People had spilled out of terraced houses, the backdrop to the bus stop; some simply watching, their faces set in Plaster of Paris. Men removed debris from gardens, waiting to take their shift at the pit face. Waist-height children ignored limp encouragement to ‘go and finish your dinner.’ One woman was conducting figure-of-eight sorties, distributing mugs of tea, steam merging with dust, becoming part of the grey soup. At the end of the road blue lights rotated mutely. In the gaps between vehicles, faces flashed: ghostly, expectant. That was where Judy would be: avoiding the long walk home.
“Excuse me, coming through.” Elaine felt anonymous, another shadow whose presence would go unchallenged provided she looked sufficiently purposeful.
“There! That was where she was!”
Spinning to locate the speaker, she zoned in on the half-lit face of a wretched boy with a crude gash on his forehead. He pointed towards the rubble, his hand breaching the beam of a headlight.
“Alright, son. Let him through. Everyone else: stay well back!” A policeman clapped one hand on the boy’s shoulder, guiding him forwards. “There, you say?”
Acting with an intuition of their own, Elaine’s feet followed before the gap had the chance to heal. They deposited her on a square foot of tarmac where she could eavesdrop.
“She was in the phone box. Like an idiot, I told her to get out. She’d have been better off staying put.”
This was someone’s daughter they were talking about.
“Now, we don’t know that, son.”
Shaken by the ferocity of her breathing, Elaine pondered a possibility: somewhere, under the weight of the rubble...
“It would have shielded her. Even though it’s gone over on its side, they’re strong, those things. I mean, shit!” As a torch flashed, she feasted on the features of the boy’s face. The typical look of the local estate: shaven headed; a single stud in one ear; the fingers that strayed to his mouth stained nicotine yellow.
“In your shoes, I’d have done exactly the same. Anyone would.”
“I tried to grab her, but the whole thing came down so fast.”
Elaine knew she must locate her voice. “Excuse me.” She pressed into the narrow void between them. “You’re talking about a girl.”
“Sorry Gov.” Flustered, another man who had elbowed his way through spectators interrupted - the man in the fluorescent jacket. “God knows where the mother went. She was over by the alley a minute ago. I specifically asked her -”
“I’m the mother.” As Elaine spoke the words, she knew them to be true.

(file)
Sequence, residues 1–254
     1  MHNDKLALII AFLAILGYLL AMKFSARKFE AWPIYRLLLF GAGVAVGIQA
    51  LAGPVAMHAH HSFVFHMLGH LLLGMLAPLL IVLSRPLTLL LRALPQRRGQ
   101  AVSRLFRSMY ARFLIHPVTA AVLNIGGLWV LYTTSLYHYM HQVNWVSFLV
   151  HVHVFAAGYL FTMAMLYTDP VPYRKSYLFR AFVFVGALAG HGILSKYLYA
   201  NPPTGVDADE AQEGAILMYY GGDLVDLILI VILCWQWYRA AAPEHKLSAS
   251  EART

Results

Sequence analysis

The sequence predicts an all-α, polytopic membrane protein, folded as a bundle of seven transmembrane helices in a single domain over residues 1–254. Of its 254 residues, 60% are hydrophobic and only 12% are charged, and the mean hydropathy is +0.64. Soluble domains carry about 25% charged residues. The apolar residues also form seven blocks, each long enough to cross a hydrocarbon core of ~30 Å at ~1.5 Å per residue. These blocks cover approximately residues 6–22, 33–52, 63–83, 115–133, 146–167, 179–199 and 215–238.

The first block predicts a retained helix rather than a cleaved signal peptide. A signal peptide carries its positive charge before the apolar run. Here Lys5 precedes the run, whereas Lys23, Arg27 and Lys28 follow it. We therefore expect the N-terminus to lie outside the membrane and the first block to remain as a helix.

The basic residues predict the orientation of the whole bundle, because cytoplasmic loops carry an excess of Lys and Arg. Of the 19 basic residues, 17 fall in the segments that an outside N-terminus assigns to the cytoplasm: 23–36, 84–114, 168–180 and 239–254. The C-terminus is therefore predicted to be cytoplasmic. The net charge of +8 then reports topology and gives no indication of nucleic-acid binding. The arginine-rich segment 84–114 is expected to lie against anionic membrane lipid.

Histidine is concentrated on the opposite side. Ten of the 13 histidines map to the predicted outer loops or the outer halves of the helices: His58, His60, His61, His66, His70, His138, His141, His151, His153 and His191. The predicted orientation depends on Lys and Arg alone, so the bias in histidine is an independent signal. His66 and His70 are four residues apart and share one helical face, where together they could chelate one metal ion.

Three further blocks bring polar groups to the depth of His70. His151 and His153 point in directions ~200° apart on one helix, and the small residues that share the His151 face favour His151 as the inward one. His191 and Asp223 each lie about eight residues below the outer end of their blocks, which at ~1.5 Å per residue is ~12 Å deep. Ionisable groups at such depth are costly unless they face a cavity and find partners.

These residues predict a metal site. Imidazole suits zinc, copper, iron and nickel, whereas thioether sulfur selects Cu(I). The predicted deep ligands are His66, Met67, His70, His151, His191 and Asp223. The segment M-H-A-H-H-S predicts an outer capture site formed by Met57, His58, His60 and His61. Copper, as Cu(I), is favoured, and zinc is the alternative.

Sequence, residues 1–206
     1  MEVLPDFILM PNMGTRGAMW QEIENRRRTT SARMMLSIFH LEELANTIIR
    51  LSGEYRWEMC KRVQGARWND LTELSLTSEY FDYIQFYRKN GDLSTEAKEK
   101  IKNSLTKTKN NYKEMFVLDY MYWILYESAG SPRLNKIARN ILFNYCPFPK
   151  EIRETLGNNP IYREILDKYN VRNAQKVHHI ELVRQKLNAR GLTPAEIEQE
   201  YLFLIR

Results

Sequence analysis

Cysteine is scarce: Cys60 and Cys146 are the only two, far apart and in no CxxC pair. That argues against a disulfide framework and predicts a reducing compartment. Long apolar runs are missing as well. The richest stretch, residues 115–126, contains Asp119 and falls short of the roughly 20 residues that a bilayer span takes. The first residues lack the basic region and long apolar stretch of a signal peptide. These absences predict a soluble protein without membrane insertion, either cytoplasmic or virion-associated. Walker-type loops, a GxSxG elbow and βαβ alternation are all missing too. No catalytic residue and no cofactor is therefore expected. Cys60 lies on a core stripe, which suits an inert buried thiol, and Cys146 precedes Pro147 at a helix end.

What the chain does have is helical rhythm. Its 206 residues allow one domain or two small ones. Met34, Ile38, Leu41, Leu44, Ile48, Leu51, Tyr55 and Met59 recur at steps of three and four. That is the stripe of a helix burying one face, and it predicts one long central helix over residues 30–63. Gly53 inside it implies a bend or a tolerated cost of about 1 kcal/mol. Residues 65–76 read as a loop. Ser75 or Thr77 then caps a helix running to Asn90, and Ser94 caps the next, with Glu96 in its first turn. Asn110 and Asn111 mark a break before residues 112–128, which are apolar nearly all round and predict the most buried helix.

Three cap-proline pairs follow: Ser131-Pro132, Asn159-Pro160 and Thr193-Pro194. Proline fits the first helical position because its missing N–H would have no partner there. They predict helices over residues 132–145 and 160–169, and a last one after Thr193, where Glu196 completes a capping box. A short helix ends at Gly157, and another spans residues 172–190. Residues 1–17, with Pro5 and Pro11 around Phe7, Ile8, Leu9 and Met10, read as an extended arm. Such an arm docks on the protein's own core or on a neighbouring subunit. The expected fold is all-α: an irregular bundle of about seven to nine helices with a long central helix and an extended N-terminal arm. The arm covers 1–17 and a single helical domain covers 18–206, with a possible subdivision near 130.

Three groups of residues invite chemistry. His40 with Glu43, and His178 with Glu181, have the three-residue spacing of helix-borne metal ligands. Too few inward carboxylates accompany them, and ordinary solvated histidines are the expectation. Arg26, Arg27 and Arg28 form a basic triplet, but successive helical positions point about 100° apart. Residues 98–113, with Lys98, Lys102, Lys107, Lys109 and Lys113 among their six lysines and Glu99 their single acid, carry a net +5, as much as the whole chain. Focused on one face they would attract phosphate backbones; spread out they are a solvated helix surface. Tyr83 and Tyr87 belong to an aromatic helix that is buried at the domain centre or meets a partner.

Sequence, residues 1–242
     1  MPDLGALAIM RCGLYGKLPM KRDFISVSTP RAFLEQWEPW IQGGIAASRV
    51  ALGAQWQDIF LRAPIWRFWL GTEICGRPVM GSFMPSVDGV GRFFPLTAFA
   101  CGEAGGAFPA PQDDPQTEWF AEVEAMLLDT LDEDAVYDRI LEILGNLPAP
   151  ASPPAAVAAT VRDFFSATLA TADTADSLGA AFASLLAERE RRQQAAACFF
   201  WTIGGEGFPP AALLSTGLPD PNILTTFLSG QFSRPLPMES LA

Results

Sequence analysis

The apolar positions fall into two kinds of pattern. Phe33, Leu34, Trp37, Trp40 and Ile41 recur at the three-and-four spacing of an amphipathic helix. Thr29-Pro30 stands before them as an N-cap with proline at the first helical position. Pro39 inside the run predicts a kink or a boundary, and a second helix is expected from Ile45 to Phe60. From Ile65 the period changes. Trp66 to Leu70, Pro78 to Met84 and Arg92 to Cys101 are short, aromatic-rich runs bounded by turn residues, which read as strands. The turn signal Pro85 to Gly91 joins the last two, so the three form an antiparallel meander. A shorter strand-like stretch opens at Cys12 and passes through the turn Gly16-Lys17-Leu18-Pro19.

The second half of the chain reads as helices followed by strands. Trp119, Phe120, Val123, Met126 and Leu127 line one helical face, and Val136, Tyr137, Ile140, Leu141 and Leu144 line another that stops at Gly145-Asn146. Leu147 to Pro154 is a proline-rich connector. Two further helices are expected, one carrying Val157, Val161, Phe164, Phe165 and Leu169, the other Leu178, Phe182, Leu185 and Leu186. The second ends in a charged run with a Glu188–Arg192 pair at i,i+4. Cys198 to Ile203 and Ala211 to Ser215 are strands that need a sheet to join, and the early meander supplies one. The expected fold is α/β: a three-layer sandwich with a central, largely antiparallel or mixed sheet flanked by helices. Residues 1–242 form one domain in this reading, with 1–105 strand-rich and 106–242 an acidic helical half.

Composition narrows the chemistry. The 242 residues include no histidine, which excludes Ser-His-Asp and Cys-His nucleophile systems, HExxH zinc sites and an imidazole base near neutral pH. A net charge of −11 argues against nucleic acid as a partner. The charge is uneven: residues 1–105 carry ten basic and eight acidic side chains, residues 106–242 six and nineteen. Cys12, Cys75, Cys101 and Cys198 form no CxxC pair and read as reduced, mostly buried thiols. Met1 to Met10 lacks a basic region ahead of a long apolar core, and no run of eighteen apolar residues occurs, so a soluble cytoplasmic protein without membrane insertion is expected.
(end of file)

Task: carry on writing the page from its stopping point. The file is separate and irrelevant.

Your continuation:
Recognising her, the man back-tracked. “N-now, we can’t be sure, Madam.”
“I’m sure. I sent her to the corner shop over an hour ago.” The four exchanged glances: Elaine, the policeman, the boy and the man in the yellow jacket, whose gaze settled on the tips of his steel-capped boots.
There were shouts; high-pitched, urgent. The cue for them all to turn.
A mottled man with ashen hair stepped from the thick of the dust: “We’ve uncovered the phone box. Hardly a dent in the frame, but…” He whistled through his front teeth.
Elaine saw the skeleton of the box dissected by a metal scaffolding pole, entry wound in the safety glass. Standing astride a pile of bricks, a man in a hard hat became spokesperson for their thoughts: “Christ Almighty! It would have gone clean through her.”
At this, the policeman’s eyes darted towards Elaine. “I think you’d be more comfortable over by the ambulance, Madam.”
But Elaine’s eyes were fixed on the boy. Clean through. On hearing those words, the movement of his Adam’s apple was as visible as his distress, and for the first time Elaine understood the phrase, ‘to eat one’s words’. Not something deliberately taken back, but mute shock: involuntary, uncontrolled. He folded himself in half, hands on knees, and the policeman bent over him. “Alright, son. You did the right thing, see?” And through the criss-cross of headlights, the dust and chaos, he raised his head, shouting, “Can we get some more help over here? Let’s keep digging.”
Men who had been on garden duty refused flimsy facemasks which hung lifelessly from a proffered wrist by their elastic straps. Jackets were pressed into wives’ arms as they brushed past, grim-faced, rolling up shirt sleeves.
Turning her attention to the boy, Elaine asked, “Are you a friend of Judy’s?”
“I never seen her before.” The boy’s arms were clamped together from wrists to elbows. “She just walked past me on her way to the phone box. She was…” He squeezed his eyes shut.
“What? She was what?”
The boy nodded, as if trying to dislodge the word. “Beautiful.”
“Madam?” The yellow-jacketed man was saying firmly, one hand hovering, ready to guide.
“And you, son,” the policeman said. “We’ll take it from here. You should get yourself seen to.”
“I can’t.” He shook his head.
“Stubborn so and so, aren’t you? Want to see it through to the bitter end, is that it?”
Elaine didn’t remember running forwards to the point where the beams converged. She was aware only of the hands that bruised her upper arms, dragging her from the place where she’d been clawing in the debris. Knees bent, she was air-lifted like a child, mid-tantrum. “I’m her mother!”
“Come on, now. Get a grip.”
Lowering her feet, Elaine allowed herself to be led away, understanding the need to prepare for whatever emerged from the rubble. She had seen its density, had a sense of its weight. Slump-shouldered, perched on the cold tailgate of an ambulance, she gave her name and address, Judy’s date of birth. No, her daughter hadn’t been taking any medication. Had no allergies she was aware of. There was no history of heart disease, fainting or fits. Religion? Elaine recited the response she always gave: Christian.